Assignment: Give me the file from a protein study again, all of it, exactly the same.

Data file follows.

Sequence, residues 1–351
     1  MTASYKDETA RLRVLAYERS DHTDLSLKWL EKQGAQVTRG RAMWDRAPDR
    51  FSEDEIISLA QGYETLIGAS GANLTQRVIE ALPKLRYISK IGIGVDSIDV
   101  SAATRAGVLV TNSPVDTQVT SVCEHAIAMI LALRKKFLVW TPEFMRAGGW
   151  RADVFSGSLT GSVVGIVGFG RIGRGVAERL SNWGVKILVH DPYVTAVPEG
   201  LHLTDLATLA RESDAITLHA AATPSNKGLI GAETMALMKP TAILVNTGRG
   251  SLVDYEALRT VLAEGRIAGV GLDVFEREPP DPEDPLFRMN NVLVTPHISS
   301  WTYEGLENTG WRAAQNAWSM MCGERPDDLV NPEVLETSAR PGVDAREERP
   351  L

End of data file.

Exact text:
Sequence, residues 1–351
     1  MTASYKDETA RLRVLAYERS DHTDLSLKWL EKQGAQVTRG RAMWDRAPDR
    51  FSEDEIISLA QGYETLIGAS GANLTQRVIE ALPKLRYISK IGIGVDSIDV
   101  SAATRAGVLV TNSPVDTQVT SVCEHAIAMI LALRKKFLVW TPEFMRAGGW
   151  RADVFSGSLT GSVVGIVGFG RIGRGVAERL SNWGVKILVH DPYVTAVPEG
   201  LHLTDLATLA RESDAITLHA AATPSNKGLI GAETMALMKP TAILVNTGRG
   251  SLVDYEALRT VLAEGRIAGV GLDVFEREPP DPEDPLFRMN NVLVTPHISS
   301  WTYEGLENTG WRAAQNAWSM MCGERPDDLV NPEVLETSAR PGVDAREERP
   351  L